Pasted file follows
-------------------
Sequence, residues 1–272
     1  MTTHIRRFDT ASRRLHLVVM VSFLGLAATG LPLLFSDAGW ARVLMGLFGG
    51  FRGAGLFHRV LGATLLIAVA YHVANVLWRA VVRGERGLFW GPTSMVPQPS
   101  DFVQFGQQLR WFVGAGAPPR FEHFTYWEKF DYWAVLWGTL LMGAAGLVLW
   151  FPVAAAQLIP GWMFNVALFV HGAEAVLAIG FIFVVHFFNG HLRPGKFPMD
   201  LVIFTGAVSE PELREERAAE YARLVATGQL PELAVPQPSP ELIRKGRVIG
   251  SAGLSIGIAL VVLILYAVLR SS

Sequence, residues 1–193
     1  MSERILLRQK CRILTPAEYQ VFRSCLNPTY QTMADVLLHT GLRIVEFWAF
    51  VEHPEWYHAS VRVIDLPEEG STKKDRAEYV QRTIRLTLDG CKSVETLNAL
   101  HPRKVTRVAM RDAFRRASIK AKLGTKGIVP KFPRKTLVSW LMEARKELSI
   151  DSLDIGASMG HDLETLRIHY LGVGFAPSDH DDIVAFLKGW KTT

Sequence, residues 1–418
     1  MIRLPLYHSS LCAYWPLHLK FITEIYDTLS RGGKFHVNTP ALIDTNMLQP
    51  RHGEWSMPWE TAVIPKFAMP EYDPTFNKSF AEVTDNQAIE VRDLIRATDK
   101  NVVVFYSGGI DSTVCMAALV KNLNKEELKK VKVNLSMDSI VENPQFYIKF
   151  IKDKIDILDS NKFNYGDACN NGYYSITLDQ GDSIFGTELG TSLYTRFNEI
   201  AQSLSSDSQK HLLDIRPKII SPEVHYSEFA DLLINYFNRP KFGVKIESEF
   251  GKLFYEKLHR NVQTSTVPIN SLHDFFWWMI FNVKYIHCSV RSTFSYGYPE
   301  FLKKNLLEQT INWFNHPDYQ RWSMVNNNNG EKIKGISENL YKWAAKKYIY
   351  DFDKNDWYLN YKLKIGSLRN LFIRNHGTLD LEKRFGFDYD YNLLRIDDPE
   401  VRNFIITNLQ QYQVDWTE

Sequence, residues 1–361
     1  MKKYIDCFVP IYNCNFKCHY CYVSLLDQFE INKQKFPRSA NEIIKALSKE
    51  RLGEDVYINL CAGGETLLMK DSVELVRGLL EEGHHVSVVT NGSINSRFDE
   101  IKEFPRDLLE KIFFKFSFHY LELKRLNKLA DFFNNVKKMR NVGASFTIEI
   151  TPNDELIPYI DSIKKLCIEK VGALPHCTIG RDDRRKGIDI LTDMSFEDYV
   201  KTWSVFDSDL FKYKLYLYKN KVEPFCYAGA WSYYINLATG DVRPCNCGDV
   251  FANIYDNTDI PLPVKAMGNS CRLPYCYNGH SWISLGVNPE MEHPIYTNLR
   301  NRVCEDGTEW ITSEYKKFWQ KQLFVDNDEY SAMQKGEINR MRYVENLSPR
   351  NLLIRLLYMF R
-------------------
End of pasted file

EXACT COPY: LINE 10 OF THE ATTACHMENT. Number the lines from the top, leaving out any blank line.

    51  VEHPEWYHAS VRVIDLPEEG STKKDRAEYV QRTIRLTLDG CKSVETLNAL